Detecting obstacles using an ultrasonic sensor HC-SR04

Detecting obstacles using an ultrasonic sensor HC-SR04

1 HC-SR04: a cheap ultrasonic sensor

1.1 Description

HC-SR04 front view
Fig.1 – An HC-SR04 seen from front side.

HC-SR04 is a commonly used ultrasonic sensor which is capable to detect obstacles in a range of 2-300cm. The sensor looks like a small PCB having two metal cylinders on the front-side and a small circuit on the back-side (see Fig.1).

1.2 Documentation

In this article we will provide a simple demo to use HC-SR04. This requires a preliminary read of the sensor user manual:
HC-SR04 User Manual

1.3 Pinmap description

The sensor has 4 PIN:

  1. VCC, which must be connected to 5V;
  2. Trig, which is an input PIN to trigger the measurement;
  3. Echo, which is an output PIN which sent out a square wave;
  4. GND, which must be connected to ground.

Note that user manual specifies which GND must be connected first since a floating 5V could permanently damage the sensor.

2 How it works

The two cylinders are actually an ultrasonic receiver (R) and an ultrasonic transmitter (T) which are driven by the circuitry. The working principle is quite simple: when triggered the transmitter shoots some pulses. When sound encounters an obstacle it is echoed back and detected by the receiver. continue reading…

Mikroe Clicker 2 for STM32 and STLink v2

Mikroe Clicker 2 for STM32 and STLink v2

1 Introduction

In this tutorial we are going to see how to connect a STLink v2 debugger to a Clicker 2 for STM32 enabling users to do debugging which could be very useful in development phases. A debugger is a computer program which is used to test and debug another program usually named Target.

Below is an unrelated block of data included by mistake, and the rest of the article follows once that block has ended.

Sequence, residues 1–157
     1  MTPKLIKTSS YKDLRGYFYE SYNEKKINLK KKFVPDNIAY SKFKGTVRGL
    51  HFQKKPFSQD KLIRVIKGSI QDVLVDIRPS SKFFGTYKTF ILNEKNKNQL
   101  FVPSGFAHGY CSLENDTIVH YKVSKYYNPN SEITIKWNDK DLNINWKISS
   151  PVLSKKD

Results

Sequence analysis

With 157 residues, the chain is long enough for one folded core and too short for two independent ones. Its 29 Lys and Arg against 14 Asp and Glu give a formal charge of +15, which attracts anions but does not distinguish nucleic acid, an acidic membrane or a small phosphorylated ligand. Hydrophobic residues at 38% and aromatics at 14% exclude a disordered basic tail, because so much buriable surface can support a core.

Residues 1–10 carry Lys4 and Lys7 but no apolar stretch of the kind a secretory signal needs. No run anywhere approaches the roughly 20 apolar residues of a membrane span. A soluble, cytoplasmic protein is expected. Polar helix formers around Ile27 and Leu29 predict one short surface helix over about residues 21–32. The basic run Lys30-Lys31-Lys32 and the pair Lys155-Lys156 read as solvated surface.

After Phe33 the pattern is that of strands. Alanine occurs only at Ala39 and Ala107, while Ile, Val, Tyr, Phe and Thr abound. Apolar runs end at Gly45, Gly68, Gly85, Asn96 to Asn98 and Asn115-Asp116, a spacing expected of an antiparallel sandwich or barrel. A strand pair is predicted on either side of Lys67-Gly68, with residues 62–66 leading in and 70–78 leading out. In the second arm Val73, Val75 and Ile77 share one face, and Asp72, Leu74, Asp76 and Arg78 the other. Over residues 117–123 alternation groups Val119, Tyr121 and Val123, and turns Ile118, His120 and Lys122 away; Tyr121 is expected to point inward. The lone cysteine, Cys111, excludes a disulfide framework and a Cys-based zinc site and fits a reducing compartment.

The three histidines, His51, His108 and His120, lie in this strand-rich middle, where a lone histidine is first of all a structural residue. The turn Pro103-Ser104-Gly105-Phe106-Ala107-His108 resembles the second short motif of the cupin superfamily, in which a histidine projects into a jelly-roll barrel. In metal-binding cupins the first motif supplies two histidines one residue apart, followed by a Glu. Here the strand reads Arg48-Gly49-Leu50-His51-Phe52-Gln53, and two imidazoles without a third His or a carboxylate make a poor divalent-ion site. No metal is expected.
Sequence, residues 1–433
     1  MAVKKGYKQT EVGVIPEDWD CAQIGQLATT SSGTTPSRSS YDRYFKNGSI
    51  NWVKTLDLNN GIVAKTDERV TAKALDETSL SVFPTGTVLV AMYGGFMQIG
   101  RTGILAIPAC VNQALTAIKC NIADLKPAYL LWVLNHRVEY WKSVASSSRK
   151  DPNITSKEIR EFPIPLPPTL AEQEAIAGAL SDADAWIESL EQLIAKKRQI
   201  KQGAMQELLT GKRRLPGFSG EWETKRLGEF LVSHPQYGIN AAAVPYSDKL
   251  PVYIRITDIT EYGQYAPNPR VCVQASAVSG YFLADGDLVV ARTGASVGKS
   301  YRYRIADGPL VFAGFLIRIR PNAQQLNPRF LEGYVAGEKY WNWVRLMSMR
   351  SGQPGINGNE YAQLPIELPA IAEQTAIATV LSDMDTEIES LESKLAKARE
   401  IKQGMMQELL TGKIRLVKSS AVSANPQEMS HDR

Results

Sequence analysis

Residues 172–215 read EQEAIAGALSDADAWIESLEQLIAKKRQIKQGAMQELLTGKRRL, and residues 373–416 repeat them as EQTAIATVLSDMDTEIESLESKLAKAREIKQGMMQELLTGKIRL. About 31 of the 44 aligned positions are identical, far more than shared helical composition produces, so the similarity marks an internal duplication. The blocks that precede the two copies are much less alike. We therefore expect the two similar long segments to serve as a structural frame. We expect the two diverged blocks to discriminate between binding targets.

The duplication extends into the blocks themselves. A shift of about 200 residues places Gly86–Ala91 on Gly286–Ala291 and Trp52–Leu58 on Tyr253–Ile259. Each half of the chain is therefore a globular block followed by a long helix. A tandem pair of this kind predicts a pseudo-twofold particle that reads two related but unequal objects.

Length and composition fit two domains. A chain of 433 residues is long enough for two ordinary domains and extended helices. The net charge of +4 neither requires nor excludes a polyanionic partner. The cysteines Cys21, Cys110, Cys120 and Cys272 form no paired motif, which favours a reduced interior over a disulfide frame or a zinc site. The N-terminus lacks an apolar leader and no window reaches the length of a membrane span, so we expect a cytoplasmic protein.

In embedded things are slightly different since the code is executed on an external MCU and it is required an interface Computer-MCU. In this case the Target is the MCU and a debugger is composed by the ensemble of a hardware and a software tool. Nonetheless, when the majority of people is talking about debugger,they are referring only to the hardware part.

A debugger allows the connection to a Target enabling the Host to load a firmware on it managing its code execution, allowing the inspection of its registers and much more. To do this, it uses some specific commands that usually depend on the MCU architecture: this means that there are specific debuggers for specific MCUs. The STLink v2 is a low cost debugger supporting both STM32 and STM8. In what follows we are going to use OpenOCD, an open source debugging software largely used in ChibiStudio since it is a reliable solution for debugging. continue reading…